In the Chesapeake region during the mid- seventeenth century, how similar was the experience of an indentured servant to that of an enslaved person?

Indentured servants and enslaved people were both legally considered property in the seventeenth century Chesapeake region, although indentured laborers were offered greater opportunity to improve their situation. However, the insecurity in their lives was much greater for slaves than for indentured servants. The difference between a servant of seven years and a slave of life is as great as that between a man and a beast. And this comment by Thomas R. Dew shows how clearly he understood that slavery was not like other legal relationships: In speaking of slavery, I use the word in its common acceptance – as denoting one who is the absolute owner of another… It is in vain to say that slaveholding is bad for those on whom it is practiced.

Expert Answers

An illustration of the letter 'A' in a speech bubbles

The first enslaved Africans were transported to Virginia in 1619. Prior to that date, indenture by European Americans was the primary means of labor control. Indenture was a contract system, by which the individual committed to perform certain work for a specific period of time. Training or vocational education was...

See
This Answer Now

Start your 48-hour free trial to unlock this answer and thousands more. Enjoy eNotes ad-free and cancel anytime.

Get 48 Hours Free Access

The first enslaved Africans were transported to Virginia in 1619. Prior to that date, indenture by European Americans was the primary means of labor control. Indenture was a contract system, by which the individual committed to perform certain work for a specific period of time. Training or vocational education was one component of the indenture, which also stipulated that the master provide room and board. If the situation worked out successfully, the indentured laborer might accumulate a small amount of money over the course of the contract. Because the system was so widely used, the exact conditions of each worker varied as widely as the master who employed them. When it ended, the laborer might continue in the same situation or seek a similar one, or might strike out on their own in a different location. While most of the labor was agricultural work on the numerous farms, skilled artisans were also needed. Those who had training or experience in such areas were likely to gain employment.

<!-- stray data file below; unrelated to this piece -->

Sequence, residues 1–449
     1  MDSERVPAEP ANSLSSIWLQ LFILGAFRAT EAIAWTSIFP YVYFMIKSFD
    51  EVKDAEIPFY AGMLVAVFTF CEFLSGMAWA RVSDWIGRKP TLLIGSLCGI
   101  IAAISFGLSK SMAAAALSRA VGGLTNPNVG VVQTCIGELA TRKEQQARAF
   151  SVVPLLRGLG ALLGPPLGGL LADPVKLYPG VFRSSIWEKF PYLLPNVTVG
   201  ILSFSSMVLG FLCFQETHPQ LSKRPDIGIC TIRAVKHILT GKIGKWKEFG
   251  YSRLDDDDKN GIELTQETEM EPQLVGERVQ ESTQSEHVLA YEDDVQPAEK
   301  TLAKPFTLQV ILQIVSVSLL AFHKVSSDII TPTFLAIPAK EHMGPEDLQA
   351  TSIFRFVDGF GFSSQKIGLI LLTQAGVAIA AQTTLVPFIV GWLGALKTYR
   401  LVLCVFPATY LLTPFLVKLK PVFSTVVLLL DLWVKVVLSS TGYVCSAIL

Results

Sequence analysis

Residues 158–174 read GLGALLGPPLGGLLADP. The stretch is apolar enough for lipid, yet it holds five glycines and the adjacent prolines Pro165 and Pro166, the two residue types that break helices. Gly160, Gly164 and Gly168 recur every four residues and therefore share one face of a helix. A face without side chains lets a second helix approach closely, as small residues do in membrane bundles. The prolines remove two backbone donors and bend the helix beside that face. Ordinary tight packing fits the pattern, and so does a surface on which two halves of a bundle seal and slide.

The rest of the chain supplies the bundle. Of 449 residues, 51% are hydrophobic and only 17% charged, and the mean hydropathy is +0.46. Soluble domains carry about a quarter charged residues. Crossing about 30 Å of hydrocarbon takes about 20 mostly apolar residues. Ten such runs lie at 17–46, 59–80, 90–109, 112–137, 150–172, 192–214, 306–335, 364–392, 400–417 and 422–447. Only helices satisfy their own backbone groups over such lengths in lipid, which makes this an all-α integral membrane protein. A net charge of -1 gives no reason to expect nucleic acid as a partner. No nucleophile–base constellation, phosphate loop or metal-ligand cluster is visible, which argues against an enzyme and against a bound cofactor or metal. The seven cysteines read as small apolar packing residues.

Slavery as it functioned in Virginia and other parts of the British American colonies was also a legal (but not moral) system. However, the enslaved person did not enter into the contract of their own volition. Someone else professed to own the slave, who did not have any of the rights of legal personhood. By definition, "slave" meant that people did not own themselves. The masters purchased the slaves from a third party. Slavery was considered a permanent status, and it extended to children born into slavery.

As the number of enslaved laborers increased in the Americas and almost completely replaced indentured laborers, some of them began working in the trades as well. As slaveholders sought to maximize the return on their investment, they found greater incentive to push the workers to produce. The lack of legal personhood contributed to the dehumanizing attitudes of slaveholders toward those that they legally held as their property. Some enslaved people obtained their own freedom by purchasing themselves; the owners might rent them out to work and their earnings would be credited toward future emancipation. In contrast to the condition of an indentured servant, there was no established end to enslavement. Enslaved people also had no guarantee that the slaveholder might agree to the desired self purchase.

Approved by eNotes Editorial Team